Sunday, April 29, 2007

Turkey in the Crossroads or in the crosshairs?

Turkey in the Crossroads or crosshairs: A model for the middle east to follow or a set-up for additional future middle east crisis?
I decided to take a break from my concerns for America and Iraq and focus on Turkey. After reading yesterday of the growing confrontation between Turkey's Governing Islamic party and the secular Turkish military I became very concerned for Turkey's future knowing where it sits in the middle east.
I was impressed with the fact that the military was willing to go against the wishes of the Islamist Government. I was particularly impressed to see the Turkish people coming out in defense of secularism. I heard estimates of 10s of thousands, 700 thousand and 1 million protestors. One account had Some 700,000 Turks waving the red national flag flooded central Istanbul on Sunday to demand the resignation of the government, saying the Islamic roots of Turkey's leaders threatened to destroy the country's modern foundations.
Knowing that Turkey as we speak is attempting to mediate between two Islamic Nations, Afghanistan and Pakistan It gave me cause for more concern but there is more.
Afghan President Hamid Karzai and his Pakistani counterpart Pervez Musharraf arrived Sunday in Ankara for a crisis summit mediated by Turkey. The two-day talks aim to ease relations between Afghanistan and Pakistan. Karzai and Musharraf have accused each other of being responsible for the resurgence of the Taliban. Three way talks will follow Monday.
Knowing the secular history in Turkey and the Islamist desire to see it ended I have more concern.
In the 1920s, with the Ottoman Empire in ruins, Mustafa Kemal Ataturk imposed Western laws, replaced Arabic script with the Latin alphabet, banned Islamic dress and granted women the right to vote.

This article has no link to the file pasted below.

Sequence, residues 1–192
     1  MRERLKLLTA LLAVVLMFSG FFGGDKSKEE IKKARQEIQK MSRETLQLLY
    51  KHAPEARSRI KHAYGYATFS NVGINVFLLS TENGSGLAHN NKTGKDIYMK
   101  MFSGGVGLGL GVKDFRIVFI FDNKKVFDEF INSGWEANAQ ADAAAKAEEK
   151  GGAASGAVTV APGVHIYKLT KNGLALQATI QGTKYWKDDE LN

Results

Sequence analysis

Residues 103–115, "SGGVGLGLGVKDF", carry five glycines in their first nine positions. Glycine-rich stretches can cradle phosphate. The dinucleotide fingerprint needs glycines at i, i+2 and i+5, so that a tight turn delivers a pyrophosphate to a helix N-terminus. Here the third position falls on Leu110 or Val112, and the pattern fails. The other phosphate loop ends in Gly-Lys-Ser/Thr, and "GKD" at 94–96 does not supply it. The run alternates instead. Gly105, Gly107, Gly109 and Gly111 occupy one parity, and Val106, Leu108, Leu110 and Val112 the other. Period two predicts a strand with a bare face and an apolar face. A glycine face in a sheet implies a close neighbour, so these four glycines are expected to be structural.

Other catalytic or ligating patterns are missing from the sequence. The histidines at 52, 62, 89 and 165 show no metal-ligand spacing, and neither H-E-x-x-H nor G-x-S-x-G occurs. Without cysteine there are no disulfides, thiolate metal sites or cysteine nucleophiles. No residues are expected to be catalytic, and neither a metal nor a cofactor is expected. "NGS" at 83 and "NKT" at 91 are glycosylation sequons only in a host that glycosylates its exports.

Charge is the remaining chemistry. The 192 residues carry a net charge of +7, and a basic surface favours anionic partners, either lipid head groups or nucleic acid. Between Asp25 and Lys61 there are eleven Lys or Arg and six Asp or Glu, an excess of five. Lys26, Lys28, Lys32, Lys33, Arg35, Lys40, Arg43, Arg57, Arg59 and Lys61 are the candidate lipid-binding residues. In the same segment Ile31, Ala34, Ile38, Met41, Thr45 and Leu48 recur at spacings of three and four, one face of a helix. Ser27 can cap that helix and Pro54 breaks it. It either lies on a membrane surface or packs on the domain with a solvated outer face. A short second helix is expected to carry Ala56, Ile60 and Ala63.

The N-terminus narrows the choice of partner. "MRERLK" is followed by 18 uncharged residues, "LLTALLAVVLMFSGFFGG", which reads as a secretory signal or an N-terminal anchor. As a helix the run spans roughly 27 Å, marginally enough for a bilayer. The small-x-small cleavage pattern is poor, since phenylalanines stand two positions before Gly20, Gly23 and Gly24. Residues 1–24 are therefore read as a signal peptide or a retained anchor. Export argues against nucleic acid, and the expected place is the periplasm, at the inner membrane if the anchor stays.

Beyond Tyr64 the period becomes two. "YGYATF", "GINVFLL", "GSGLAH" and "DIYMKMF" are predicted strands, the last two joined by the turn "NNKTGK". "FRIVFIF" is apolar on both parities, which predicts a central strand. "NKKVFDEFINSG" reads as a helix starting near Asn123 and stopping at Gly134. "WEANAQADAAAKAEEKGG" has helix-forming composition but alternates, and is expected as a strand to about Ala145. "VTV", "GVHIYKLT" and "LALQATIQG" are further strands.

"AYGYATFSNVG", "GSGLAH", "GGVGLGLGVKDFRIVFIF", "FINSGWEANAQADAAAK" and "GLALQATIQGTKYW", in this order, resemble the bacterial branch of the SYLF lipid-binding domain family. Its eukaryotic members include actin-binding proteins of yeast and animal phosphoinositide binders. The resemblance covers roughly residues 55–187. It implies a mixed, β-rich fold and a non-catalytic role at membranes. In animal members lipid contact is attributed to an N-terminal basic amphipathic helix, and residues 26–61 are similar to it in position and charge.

The ruling party, however, has supported religious schools and tried to lift the ban on Islamic head scarves in public offices and schools. Secularists are also uncomfortable with the idea of Gul's wife, Hayrunisa, being in the presidential palace because she wears the traditional Muslim head scarf.
''We don't want a covered woman in Ataturk's presidential palace,'' said Ayse Bari, a 67-year-old housewife. ''We want civilized, modern people there.''
With the Religious fervor having been awoken in my mind largley by Bush's attack on Iraq and intrusion into middle east politics wherever he can and the ever growing call for a return to Islamic values in the middle east and in the entire Islamic world I find it spectacular that Turkey believes it can go its own way and be allowed to hopefully become a member of the EU.
What do the rest of you think about the future of Turkey and their secularity?

James Joiner
Gardner, Ma

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